While the Obergefell v. Hodges case decision was a monumental step forward, Moore said the laws in Michigan are still not fairly applied to the LGBT community.
“I think it’s unfortunate that judges are using marriage as a line in the sand. The appellate decisions prioritize marriage and not the best interests of the child. There were families created prior to issuance of Obergefell and I think that our courts can improve the equitable parent doctrine to make sure that the rights of children are respected and maximized. Michigan is so far behind other states and until the legislature or the courts choose to do the right thing, same-sex families, both parents and children, will suffer.”
If someone is not eligible for KYR Project services because they have adequate income to pay for an attorney, Moore said they can refer that person to an advocate attorney who has some training on and understands the nuances of LGBT issues.
Students participate in the KYR Project once a week for about eight months during the fall and winter semesters.
“We try to provide support to every person who reaches out to the project,” she said. They have provided support in approximately 35 cases, but limited office hours make it difficult to help everyone that reaches out.
Moore said they may have the students do more outreach throughout the week to maximize availability and increase response time this year.
Regardless, the students “get really excited about going that extra mile. Most attorneys are beaten up by the system and are not willing to try. They are willing to do the research,” Moore said. “Michigan is a hard place to practice generally. They bring a fresh perspective and are really helpful.”
And when things get “heavy and emotionally taxing,” Pro Bono Volunteer Shirin Makhkamova said, “Kerene has helped me navigate the difficult line between doing your best work for a client and not becoming too emotionally involved in the case. She has inspired me to appreciate our clients for having courage to share their stories with us, and to approach each case with patience and empathy.”
By going the extra mile, the students have started talks between the Ann Arbor Police Department and the AAHRC about concerns in the LGBT community.
“Specifically, the law students wanted to provide background information as to why LGBT-specific diversity training would be valuable to police officers and how instituting an LGBT liaison to the police department might increase crime reporting and trust in the department,” Moore said. “The students were particularly focused on the transgender community after meeting with a client who expressed concern.”
The students presented their research on best police practices with regard to the LGBT community to AAPD Chief James Baird earlier this year. Members of the AAHRC joined that meeting. The students will continue to provide input on this project when they return in the fall, and the AAHRC continues to explore these issues with the council and the police department.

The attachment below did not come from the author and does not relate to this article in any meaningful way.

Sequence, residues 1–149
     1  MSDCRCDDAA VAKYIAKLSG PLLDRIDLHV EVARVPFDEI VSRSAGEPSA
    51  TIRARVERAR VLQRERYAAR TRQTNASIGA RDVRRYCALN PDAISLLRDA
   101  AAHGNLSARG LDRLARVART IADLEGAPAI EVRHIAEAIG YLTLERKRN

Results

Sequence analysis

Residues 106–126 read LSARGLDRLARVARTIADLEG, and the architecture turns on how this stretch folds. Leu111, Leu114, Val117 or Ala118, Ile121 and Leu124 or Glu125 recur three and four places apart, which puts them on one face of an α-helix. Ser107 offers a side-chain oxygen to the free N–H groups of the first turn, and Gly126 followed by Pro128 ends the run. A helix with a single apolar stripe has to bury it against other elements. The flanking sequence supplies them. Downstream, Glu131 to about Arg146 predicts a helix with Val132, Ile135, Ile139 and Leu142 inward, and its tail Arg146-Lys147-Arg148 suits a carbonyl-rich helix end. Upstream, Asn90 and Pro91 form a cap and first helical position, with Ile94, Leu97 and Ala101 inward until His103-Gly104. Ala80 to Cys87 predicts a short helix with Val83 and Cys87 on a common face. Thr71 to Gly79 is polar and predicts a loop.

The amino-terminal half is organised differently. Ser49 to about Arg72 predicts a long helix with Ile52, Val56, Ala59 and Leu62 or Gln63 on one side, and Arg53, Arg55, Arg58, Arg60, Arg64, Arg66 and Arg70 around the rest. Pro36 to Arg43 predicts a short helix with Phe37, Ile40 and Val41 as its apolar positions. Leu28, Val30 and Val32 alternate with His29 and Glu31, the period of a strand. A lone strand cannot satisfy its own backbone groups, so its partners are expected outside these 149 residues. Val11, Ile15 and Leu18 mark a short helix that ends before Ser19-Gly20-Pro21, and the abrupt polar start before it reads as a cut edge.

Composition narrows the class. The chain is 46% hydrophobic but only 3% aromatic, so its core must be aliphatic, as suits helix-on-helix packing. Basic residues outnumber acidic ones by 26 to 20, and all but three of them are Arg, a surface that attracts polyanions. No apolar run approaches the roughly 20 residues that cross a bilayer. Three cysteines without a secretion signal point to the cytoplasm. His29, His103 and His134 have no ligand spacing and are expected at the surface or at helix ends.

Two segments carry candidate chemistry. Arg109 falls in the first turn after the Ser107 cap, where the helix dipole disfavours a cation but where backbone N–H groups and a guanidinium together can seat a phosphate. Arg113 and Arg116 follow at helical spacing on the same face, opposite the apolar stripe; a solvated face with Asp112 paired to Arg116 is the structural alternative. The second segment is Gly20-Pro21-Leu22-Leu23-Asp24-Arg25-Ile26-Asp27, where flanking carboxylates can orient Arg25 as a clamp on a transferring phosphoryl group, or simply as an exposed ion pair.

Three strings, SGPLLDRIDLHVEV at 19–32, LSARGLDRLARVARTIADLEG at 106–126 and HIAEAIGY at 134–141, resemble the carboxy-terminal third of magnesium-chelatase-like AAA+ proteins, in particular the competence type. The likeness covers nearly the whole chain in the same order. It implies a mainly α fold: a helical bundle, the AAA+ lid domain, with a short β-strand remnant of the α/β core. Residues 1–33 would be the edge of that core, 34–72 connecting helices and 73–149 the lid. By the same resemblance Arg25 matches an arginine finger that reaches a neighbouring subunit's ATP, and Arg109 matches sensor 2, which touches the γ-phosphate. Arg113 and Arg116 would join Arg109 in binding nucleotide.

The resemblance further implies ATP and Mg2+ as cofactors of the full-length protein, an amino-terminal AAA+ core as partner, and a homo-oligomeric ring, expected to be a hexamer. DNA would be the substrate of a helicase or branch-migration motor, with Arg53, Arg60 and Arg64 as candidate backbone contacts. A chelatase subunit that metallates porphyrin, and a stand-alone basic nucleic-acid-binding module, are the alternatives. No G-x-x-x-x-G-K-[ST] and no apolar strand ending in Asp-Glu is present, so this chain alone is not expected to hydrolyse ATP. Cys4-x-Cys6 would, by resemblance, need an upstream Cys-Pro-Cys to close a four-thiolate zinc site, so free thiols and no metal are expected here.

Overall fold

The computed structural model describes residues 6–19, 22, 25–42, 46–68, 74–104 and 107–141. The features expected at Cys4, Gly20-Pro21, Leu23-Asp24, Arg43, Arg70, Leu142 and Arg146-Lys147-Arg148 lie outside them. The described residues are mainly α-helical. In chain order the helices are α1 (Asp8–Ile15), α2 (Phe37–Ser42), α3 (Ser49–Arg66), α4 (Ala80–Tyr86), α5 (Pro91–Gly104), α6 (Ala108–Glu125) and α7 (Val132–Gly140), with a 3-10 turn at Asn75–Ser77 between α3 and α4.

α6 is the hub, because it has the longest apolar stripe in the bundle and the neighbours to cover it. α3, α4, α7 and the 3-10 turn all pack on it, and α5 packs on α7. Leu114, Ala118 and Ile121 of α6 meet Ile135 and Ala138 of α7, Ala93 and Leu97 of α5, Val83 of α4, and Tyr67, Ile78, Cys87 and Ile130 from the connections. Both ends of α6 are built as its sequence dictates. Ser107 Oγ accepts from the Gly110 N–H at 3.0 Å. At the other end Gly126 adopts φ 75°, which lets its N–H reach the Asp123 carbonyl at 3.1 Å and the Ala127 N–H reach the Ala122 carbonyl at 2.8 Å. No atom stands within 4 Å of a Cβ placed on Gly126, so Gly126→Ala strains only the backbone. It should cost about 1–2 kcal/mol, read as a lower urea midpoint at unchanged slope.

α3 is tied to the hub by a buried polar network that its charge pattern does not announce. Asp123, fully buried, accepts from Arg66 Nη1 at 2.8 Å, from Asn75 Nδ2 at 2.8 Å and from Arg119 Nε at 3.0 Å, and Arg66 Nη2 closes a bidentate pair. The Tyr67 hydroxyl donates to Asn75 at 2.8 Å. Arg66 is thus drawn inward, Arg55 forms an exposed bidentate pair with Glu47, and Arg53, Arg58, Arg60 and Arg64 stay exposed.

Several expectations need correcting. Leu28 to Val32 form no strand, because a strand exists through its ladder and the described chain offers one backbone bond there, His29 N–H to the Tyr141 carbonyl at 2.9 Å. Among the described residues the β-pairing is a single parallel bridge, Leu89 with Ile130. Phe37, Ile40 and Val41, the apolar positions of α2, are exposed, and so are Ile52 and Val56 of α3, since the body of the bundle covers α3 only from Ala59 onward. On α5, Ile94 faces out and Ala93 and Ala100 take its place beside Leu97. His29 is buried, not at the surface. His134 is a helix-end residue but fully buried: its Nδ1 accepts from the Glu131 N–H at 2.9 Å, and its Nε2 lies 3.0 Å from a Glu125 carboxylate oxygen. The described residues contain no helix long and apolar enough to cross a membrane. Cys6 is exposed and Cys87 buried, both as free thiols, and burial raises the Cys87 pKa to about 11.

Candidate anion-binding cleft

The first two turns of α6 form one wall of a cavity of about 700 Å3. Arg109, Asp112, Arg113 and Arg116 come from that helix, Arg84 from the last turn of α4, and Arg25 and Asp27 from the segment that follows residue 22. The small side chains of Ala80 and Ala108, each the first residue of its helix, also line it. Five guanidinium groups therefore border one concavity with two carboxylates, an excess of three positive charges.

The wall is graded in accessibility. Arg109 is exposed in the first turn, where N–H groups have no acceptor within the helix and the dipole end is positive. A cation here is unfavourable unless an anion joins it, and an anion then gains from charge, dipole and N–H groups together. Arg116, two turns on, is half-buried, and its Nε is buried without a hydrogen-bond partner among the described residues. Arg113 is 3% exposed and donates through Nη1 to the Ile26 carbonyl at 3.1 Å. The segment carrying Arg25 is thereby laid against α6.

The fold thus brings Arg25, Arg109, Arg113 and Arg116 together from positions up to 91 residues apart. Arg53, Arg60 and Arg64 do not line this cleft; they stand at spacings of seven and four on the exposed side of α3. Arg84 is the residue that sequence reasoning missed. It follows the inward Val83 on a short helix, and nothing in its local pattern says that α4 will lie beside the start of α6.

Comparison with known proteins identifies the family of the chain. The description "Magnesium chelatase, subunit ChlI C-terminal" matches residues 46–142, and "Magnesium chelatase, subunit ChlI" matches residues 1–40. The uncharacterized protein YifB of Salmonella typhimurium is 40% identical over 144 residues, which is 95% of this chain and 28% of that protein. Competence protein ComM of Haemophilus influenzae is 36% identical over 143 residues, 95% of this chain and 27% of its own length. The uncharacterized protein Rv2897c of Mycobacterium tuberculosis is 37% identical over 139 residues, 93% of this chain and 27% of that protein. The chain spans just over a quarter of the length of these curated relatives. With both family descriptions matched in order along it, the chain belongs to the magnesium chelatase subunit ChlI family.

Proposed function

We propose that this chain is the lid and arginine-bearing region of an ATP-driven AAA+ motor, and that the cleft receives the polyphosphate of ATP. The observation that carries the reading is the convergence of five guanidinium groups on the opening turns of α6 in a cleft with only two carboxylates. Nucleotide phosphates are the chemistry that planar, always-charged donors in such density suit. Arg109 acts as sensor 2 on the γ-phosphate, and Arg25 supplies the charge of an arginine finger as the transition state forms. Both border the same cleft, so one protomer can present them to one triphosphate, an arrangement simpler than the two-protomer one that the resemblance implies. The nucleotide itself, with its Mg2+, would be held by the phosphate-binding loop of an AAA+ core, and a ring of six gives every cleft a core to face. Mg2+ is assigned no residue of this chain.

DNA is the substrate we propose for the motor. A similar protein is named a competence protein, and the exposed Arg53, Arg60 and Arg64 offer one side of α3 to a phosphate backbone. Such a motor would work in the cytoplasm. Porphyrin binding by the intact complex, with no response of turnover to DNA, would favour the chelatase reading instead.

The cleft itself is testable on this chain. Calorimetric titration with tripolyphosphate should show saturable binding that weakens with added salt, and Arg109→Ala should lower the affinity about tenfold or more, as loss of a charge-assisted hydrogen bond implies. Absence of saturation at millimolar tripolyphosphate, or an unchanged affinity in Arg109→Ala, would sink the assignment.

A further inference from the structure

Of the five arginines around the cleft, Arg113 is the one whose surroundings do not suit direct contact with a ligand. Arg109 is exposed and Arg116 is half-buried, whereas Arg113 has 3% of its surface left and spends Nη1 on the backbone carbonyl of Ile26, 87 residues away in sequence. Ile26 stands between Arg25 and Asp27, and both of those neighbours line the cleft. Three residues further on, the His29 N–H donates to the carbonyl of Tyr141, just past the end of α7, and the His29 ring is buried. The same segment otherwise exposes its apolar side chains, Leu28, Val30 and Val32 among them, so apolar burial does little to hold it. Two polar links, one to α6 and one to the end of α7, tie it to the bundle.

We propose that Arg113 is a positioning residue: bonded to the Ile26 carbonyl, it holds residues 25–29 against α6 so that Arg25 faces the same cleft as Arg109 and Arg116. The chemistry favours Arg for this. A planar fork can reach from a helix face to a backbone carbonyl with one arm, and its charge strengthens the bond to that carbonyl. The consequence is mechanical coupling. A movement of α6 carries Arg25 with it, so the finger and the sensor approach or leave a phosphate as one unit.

“There is a lot of progress in this area. I’m on the AAHRC as well, and we have several meetings with the chief and city administrator in the next several weeks to get some movement on these issues,” Moore said.
Not all lawyers are equipped to mentor young aspiring lawyers, but Moore takes the time to break down legal issues, explain each case for the students, and talk through options that exist.
“Legal issues notwithstanding, the KYR Project taught me that people desperately want to be listened to, believed, and understood just as much as they want to be counseled on legal issues. That aspect of human interaction and compassion, especially when working with marginalized groups, is a skill that can be far more important than identifying legal issues and knowing the ‘right’ cure,” Outlaws’ Pro Bono Chair Shannon Niznik said.
“Kerene is also simply brilliant as an attorney. She knows which questions to ask, she knows the law like the back of her hand, and she is in tune with community resources and other practicing attorneys should we need to refer a case. It was eye opening to see her supplement legal knowledge with her ability to leverage community resources. Kerene doesn’t hole herself up in an office. She knows her community, its ails, and its potential to solve problems.”
Regular office hours for the KYR project will resume in September. Call 734-995-9867 to make an appointment or email

About the Author:

Kate Opalewski
Kate Opalewski is BTL's features editor and has been since 2015. She has covered a variety of topics ranging from art, politics and community outreach. Recently, she was honored by the Detroit Police Department LGBT Advisory Board for her work for the local LGBTQIA community.